Dec 3, 2010
The day Christmas was almost broken
As I mentioned yesterday, there has been some rearranging of furniture taking place in our home. Our house, though still in need of some paint on the walls (anyone want to come do that for us? I will feed you in return!), is cozier and more welcoming. We love it. The process to get there however, well, as you would expect, was an adventure.
A friend who is ridiculously gifted when it comes to interior design, was over here and helping me figure out what we could do to change up our large living room to make it feel more welcoming. Besides, I was in need of a change. We started moving furniture around, and since we workout, lifting couches wasn't any trouble at all for us. There were a few elements left undone due to the fact I had taken up way too much of her time and she did have more important matters to attend to in her day than my couch's location. We asked Andy what he thought, and we agreed there were some changes that needed to be made, but for the time being, oh well, it was going to stay as it was.
That evening I headed to my last session of the day and was pondering what we could do to get the look and feel we wanted. As my session wrapped up, I got in my car and made a mental list of the tasks Andy and I would do once our child was asleep. I envisoned myself arriving home, eating some dinner, enjoying some time with my child, putting her to bed, then finishing the task of moving furniture with Andy. However, I walked in the door and lo and behold, all furntiure had been moved, my husband was grinning from ear to ear, and my child was saying, "look Mommy look!".
I walked into the living room, noticed the Christmas tree had been moved, and looked over to its new location. There it stood, the bows my friend had so wonderfully done strewn wildly about, ornaments littered the floor, and the tree itself had become a wobbling disaster. I stood there, mouth gaped open, eyes honed in on the tree and the tree only and did what any normal wife/mother would do: I freaked out. My tirade involved something along the lines of, "what were you thinking trying to move the tree? You completely destroyed all the work Kelly did for us, who knows what ornaments are broken, and it's unstable and we have a young child. I would prefer she not be crushed by a tree!" That is correct, I paid no attention to the work he had done to move the furniture to create a better atmosphere in our home while keeping it completely functional. My attention and words focused solely on the tree. And this friends, is wife failure #100,052,112 in my world.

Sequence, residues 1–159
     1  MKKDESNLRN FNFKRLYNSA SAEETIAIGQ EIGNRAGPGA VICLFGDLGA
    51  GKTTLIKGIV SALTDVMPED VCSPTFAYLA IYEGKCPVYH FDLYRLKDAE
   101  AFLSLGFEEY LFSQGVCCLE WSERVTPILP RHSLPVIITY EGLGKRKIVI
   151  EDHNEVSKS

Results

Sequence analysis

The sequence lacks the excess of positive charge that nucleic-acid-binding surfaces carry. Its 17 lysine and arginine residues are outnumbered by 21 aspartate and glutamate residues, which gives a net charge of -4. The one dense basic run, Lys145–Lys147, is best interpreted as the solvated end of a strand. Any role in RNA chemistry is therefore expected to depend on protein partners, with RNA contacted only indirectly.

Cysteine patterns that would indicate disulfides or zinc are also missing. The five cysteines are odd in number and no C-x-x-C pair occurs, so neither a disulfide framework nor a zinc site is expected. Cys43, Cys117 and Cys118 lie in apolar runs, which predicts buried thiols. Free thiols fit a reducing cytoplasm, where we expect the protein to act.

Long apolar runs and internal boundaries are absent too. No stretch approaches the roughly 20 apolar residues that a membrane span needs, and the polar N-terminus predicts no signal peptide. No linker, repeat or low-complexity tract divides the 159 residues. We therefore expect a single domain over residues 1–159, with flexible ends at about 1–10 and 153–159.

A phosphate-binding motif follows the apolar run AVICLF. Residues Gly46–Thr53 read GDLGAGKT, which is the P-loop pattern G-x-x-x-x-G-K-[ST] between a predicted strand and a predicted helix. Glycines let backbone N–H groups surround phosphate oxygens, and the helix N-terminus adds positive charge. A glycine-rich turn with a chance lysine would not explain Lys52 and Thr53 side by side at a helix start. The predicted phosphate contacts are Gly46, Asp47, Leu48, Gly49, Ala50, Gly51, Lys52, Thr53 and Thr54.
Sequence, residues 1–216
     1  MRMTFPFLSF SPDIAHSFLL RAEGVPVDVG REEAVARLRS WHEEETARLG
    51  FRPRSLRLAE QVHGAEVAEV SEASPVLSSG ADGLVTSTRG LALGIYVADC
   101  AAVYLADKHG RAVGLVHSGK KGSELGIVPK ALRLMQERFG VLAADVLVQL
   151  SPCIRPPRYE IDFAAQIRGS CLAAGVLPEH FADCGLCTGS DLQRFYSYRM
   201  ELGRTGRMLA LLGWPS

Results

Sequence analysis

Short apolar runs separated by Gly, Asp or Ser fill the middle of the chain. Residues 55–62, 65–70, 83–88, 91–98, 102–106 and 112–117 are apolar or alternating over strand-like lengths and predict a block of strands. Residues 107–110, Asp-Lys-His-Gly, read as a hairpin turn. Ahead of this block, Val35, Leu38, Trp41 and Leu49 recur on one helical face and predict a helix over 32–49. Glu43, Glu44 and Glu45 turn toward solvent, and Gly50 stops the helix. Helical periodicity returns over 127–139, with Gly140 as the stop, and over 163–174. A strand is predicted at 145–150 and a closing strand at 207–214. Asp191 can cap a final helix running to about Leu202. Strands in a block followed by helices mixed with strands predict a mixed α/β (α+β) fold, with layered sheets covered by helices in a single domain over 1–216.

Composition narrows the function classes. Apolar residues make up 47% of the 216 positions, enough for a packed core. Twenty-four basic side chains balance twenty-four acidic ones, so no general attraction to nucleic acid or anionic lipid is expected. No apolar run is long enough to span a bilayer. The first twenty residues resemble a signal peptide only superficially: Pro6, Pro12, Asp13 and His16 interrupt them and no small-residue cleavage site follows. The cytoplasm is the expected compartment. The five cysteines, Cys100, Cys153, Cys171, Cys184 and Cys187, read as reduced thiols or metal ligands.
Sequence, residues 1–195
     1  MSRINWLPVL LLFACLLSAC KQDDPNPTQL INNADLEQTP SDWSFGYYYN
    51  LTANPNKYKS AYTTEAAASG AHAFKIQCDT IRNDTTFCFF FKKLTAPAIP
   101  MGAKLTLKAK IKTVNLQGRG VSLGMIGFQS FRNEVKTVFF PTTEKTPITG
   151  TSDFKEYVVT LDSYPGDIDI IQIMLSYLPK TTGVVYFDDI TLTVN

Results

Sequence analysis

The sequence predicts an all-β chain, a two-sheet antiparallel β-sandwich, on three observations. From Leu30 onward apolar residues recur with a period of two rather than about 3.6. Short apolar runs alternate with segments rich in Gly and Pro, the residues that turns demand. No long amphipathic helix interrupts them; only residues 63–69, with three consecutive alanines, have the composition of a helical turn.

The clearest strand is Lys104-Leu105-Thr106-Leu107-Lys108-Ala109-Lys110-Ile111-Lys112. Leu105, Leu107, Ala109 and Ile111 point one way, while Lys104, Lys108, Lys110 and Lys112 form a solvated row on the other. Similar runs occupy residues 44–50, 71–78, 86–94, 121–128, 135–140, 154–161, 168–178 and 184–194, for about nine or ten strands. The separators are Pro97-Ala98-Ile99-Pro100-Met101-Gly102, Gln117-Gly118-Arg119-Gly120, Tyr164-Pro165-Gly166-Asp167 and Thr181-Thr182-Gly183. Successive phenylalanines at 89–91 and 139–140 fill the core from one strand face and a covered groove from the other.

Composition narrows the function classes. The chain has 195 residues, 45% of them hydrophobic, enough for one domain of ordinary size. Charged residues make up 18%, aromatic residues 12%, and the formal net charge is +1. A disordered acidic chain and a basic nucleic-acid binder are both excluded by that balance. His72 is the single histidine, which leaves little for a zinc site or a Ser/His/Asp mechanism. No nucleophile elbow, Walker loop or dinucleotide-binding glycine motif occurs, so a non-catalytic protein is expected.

Once we had both calmed down and I was no longer near hyperventilating, we put the tree back together to ensure no one would meet their death at its branches and I went to work with the bows and ribbons and ornaments. I explained that there were ornaments on that tree from my childhood, and most ornaments on the tree have some meaning, and each held a special memory. I attach sentimental value to very little in this world, but I realized do with ornaments. I had to stop and breathe and let Andy know that I did in fact appreciate his work and efforts and his initiative to get the job done, and I was thankful that I would not have to move any furniture because I was tired, and yes I did like the room(s) much better. My focus had simply turned to the tree because 1) the state it was in when I arrived home was not a safe one, 2) a friend had sacrificed some of her time to make bows for the tree and they were now in a heap on the floor, 3) each ornament brings a specific memory to mind and I did not want them damaged and 4) as a stay at home mom, it was like going to work and finding someone else had rearranged your work space without making sure its what you wanted.
Two ornaments were broken. One of them was given to Andy by my mom right before we got engaged. The other was from 1980. Ouch, that hurts. But, I just kept saying, "super glue can fix it." If there is one complaint I have, it is that my husband is a man of great thought and knowledge but rarely action. It makes me crazy. And here he was, stepping up and taking action, and I might as well have beaten him over the head for it. Hmmm, can't imagine why he doesn't do it more (she says sarcastically)? We each apologized, and we are loving our space much more. I tease him that he tried to break Christmas, and laughter has been restored to our now cozier home. And our child? Each morning she wakes up and says, "look, it's our Christmas tree!" Then she looks around the room and says, "I do like this room better."